Since I leanrt from previous experience that over proofed dough wasn't what's keeping it from rising in the oven, I went back to longer bulk-fermentation (only 10 hours because I wasn't taking any risks, anyway). Room temperature was 24~26 Cº; and humidity: 85%.
Now I decided to focus on shaping it as round and tight as I could, so I bought a smaller bowl (21,5 cm wide) for proofing to help keeping the shape (I had been using a larger and deeper one) . I know a banneton would work out better, but they are hard to find in Brazil.
Another change: In the previous attempts, I proofed it seam side up and baked it seam side down (I tried scoring, but it was too sloppy). Now I wanted to follow the recipe to the letter and proofed seam side down and baked seam side up (without scoring).
I made some videos and took more pictures to show exactly how things went.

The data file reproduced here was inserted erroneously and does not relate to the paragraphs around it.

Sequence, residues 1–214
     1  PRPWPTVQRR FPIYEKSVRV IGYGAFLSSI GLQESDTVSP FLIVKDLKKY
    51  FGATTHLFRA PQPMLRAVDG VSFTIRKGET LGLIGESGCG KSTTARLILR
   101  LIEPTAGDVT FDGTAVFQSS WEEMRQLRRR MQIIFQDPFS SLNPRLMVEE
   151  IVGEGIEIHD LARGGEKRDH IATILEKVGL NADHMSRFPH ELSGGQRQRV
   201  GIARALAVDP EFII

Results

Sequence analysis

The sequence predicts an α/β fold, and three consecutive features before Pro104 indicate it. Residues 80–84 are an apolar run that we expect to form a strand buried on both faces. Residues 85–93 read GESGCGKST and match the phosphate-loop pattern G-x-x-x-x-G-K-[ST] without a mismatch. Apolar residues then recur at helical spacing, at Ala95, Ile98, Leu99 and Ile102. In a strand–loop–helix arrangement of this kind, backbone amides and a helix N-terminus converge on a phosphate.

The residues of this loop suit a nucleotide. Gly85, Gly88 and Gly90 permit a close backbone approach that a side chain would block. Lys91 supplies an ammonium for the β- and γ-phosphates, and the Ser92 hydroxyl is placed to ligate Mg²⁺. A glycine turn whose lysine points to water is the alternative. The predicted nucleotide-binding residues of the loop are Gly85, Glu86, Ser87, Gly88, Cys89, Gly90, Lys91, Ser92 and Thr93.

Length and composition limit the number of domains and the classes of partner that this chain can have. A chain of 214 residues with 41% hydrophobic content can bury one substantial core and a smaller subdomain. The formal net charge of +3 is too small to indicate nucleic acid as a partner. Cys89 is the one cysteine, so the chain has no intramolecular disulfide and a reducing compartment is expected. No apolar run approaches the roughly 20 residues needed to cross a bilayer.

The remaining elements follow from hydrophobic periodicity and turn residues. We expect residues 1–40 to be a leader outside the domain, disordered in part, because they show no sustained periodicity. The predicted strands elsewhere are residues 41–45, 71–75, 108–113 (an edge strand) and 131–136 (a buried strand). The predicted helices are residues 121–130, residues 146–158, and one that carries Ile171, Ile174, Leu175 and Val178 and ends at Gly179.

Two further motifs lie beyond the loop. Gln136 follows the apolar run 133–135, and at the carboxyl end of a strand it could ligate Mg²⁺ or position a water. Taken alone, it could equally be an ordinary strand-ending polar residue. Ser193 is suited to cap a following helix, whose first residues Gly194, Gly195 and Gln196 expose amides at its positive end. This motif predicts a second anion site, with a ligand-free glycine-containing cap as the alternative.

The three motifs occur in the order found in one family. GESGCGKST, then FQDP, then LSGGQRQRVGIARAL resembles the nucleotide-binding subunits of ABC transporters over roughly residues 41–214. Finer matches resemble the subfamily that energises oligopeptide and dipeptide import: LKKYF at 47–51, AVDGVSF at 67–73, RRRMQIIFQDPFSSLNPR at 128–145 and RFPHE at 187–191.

Mixing all the ingredients: https://www.youtube.com/watch?v=gE2tQhm6wWI
After 12 hours of bulk-fermentation:
- Shaping #1:
Trying to get a tight round shape: https://www.youtube.com/watch?v=75QBCLsDn2I
As you can see, it was sticky and didn't keep the shape well. I did the best I could anyway.
Then I set it into the bowl to proof.
Denting test after proofing for one hour: https://www.youtube.com/watch?v=qb97Oo1BBk4
I decided it was time to bake and... :(
Taking it out of the bowl: https://www.youtube.com/watch?v=oCPufByaaQw
Very flat and sticky dough: https://www.youtube.com/watch?v=GkyI9mOTkYI
Total disaster! It stuck to the kitchen towel and was really sloppy and flat, just like previous experiences. I told myself I wasn't gonna bake that mess and decided to shape and proof it once again (I wasn't even sure if that should be done)
- Shaping #2:
Trying to get a decent round shape: https://youtu.be/zkkO_y5Y_5g
After doing some folds it felt surprisingly better. I used exactly the same technique I did in the first shaping, but now it seemed to be stronger and tighter and hold the shape a lot better.
- Proofing #2: